Consumer sentiment declined following the midterm election, according to the University of Michigan’s survey.
The index fell to 97.5 for the final November score, down from October’s 98.6. Economists had estimated less of a post-election impact, forecasting a reading of 98.3.
The university’s preliminary sentiment index reading, covering the pre-election period, was 98.3.
“Although the data recorded a decline of 2.8 Index points following the election, the drop was related more to income than political party: among those with incomes in the bottom third, the Sentiment Index rose by 10.4 points and fell by 6.6 points among those in the top third of the income distribution. In contrast, the Sentiment Index remained unchanged among Democrats and Republicans prior to and following the election,” the survey’s chief economist Richard Curtin said in a statement.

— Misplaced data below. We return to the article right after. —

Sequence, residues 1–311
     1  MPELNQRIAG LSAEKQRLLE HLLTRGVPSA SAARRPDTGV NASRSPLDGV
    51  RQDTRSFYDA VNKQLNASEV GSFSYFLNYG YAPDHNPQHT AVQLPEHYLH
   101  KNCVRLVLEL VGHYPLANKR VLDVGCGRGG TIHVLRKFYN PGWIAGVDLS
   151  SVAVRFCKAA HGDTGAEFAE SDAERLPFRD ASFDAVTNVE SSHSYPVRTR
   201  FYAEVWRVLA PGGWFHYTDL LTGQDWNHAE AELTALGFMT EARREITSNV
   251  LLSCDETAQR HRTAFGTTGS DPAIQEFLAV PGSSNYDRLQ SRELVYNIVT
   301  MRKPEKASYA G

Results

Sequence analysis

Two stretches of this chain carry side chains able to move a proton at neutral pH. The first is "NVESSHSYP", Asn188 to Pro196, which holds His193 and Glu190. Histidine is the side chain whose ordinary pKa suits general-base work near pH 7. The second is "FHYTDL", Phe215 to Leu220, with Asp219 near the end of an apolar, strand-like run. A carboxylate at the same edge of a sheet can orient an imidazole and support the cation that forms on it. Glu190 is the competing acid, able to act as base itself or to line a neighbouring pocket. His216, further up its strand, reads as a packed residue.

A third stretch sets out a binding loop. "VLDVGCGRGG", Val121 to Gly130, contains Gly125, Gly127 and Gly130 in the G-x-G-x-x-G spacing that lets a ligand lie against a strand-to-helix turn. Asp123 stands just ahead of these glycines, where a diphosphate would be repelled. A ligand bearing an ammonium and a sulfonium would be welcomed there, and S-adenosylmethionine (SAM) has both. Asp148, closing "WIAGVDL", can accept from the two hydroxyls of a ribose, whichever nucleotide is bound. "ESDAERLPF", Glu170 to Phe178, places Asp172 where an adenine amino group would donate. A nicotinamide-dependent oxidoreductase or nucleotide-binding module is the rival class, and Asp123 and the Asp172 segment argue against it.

The current conditions component fell 8 tenths to 112.3. Expectations, were down more, 1.2 points to 88.1. That would also appear to indicate that the fallout from the election of a Democratic majority to the House of Representatives, creating a divided government, depressed consumer sentiments.
Despite the decline, the November reading os nearly at the center of the eleven-month range from 95.7 to 101.4, according to Curtin.
Notably, the volatility of the stock market in October and November does not seem to have weighed on consumer sentiment. The current reading is considered “very favorable,” Curtin said.